Issue | Letters | Premium | Aug 05 2019

Your say – Psychological warfare between Deontay Wilder and Andy Ruiz

Boxing News readers on Deontay Wilder vs Andy Ruiz and more
deontay wilder
Wilder spoke to the press while in Batley Action Images/Andrew Couldridge

IT was interesting to watch Deontay Wilder and Andy Ruiz Jnr being interviewed together prior to the Manny Pacquiao-Keith Thurman fight recently. When former world lightweight champion Ray Mancini stated that the two fighters must face off in order to have “one heavyweight champion,” Ruiz looked slightly fazed, like he wasn’t sure what to say next. Wilder soon pitched in to save the uncomfortable moment, reeling back to talk of Lennox Lewis and even asking Ruiz to confirm the last time there was an undisputed champion. Wilder then got excited talking about the prospect of an undisputed, undefeated, unified champion (obviously referring to himself, as Ruiz is not undefeated), before switching it back to show almost over-the-top respect for Ruiz by stating that he’s brought a new face to the division. The interview-experienced Wilder was almost certainly acting here, but although this was an act, the message was clear: ‘I’m the champ.’ Ruiz played Mr Nice Guy throughout, almost like a poker player keeping his cards close to his chest, happy to be sitting pretty with a full house and refusing to be budged. Are these two champions secretly anticipating an inevitable showdown? Or are they simply two fighters waiting to see how their stories will play out? Perhaps they’ll never fight. Perhaps it’ll be Anthony Joshua and Tyson Fury having a similar conversation down the line… or a mix of any of the four. Whatever happens, let’s hope the fans get the fights they really want to see. Ryan Vincent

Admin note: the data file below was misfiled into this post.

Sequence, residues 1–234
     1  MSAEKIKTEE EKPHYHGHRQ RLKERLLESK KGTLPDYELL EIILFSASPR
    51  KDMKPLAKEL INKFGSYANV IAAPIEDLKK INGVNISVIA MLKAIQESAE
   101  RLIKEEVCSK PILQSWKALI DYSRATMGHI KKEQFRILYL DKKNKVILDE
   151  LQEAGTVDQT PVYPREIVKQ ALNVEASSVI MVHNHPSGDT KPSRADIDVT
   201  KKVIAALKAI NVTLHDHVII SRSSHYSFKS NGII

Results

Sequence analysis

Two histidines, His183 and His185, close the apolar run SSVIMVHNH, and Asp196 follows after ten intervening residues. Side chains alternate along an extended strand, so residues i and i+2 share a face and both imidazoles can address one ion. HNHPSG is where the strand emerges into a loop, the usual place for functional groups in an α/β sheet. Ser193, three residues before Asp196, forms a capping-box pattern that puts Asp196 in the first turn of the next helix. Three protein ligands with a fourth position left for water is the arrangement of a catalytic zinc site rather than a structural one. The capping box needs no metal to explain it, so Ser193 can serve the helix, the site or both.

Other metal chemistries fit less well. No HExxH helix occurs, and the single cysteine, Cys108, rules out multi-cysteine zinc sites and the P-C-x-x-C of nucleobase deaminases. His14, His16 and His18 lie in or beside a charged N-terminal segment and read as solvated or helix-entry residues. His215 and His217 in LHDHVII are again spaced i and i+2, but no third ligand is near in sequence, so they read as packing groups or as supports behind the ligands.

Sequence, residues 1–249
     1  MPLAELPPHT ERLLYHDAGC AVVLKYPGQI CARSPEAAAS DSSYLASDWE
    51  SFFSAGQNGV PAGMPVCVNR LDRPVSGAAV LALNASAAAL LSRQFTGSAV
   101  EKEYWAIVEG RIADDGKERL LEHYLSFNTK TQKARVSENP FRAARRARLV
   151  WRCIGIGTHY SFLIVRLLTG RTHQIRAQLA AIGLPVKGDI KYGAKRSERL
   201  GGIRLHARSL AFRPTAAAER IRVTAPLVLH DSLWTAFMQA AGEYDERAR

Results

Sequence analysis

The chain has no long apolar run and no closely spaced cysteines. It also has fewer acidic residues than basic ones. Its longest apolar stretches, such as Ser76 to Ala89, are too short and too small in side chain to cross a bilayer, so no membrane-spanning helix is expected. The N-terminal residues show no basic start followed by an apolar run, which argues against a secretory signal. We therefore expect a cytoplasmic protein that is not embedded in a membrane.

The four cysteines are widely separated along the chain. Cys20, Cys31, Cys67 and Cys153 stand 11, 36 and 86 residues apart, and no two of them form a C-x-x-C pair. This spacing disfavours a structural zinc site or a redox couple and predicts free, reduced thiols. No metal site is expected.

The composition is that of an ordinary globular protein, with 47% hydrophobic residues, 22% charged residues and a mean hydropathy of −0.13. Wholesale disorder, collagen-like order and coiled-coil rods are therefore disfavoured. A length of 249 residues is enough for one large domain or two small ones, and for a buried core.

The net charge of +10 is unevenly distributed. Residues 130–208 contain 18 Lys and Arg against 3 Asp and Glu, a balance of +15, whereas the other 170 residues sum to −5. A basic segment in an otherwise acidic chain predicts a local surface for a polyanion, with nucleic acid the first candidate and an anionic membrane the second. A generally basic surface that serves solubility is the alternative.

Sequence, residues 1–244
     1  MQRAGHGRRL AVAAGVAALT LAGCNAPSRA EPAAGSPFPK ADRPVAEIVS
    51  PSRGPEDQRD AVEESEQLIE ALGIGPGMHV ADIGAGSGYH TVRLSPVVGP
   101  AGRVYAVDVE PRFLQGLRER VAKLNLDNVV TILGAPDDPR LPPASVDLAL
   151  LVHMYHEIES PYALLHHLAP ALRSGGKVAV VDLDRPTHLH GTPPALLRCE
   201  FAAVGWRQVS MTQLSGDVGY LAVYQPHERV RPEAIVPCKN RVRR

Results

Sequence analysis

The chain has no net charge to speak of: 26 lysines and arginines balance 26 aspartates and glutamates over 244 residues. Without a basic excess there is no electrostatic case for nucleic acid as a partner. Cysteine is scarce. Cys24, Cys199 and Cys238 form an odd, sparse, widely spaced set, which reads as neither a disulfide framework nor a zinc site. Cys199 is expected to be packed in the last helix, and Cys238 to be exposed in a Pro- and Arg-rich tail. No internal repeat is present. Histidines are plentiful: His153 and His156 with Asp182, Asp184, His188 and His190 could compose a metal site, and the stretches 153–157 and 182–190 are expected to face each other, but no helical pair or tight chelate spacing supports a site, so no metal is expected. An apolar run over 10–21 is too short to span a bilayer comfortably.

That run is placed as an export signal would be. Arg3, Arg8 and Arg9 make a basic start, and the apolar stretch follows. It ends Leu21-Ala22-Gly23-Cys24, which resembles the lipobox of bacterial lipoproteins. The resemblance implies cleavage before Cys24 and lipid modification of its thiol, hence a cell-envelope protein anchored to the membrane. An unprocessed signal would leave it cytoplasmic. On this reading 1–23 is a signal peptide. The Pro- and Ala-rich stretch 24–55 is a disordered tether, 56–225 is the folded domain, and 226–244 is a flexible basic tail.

I WAS so sad to hear the news that my coach and manager from years gone by, Beau Williford, had passed away [at 69 years old on July 31]. He took me from nothing and helped me in every form of life. In 1992, I was taken in to his family home for over four years as a pro. Amazing opportunities came my way and I can’t thank him enough. I would always call him at least four or five times a year, even all these years later. God bless his amazing family. R.I.P. big man. Thanks for the memories. Kenny Rainford (Former pro light-heavy/cruiserweight)

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